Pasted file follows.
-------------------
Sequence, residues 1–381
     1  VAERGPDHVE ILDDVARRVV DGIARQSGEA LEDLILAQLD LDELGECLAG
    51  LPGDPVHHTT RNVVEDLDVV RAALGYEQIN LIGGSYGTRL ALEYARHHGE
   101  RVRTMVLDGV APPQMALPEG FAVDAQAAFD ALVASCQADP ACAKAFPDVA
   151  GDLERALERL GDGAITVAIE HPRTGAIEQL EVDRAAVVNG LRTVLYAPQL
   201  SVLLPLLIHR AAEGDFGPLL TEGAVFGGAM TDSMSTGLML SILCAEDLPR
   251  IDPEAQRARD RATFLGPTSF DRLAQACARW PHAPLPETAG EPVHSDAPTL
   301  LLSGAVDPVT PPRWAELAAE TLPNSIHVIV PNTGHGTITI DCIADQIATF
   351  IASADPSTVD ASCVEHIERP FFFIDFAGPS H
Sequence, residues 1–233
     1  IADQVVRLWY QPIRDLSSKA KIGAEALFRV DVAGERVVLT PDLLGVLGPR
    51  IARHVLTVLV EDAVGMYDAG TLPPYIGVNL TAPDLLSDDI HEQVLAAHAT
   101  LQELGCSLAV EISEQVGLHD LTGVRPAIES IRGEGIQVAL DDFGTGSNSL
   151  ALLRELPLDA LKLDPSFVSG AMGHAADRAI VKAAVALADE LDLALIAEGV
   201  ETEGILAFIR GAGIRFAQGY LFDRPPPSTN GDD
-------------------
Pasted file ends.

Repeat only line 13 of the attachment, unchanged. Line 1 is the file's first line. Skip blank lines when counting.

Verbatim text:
   101  LQELGCSLAV EISEQVGLHD LTGVRPAIES IRGEGIQVAL DDFGTGSNSL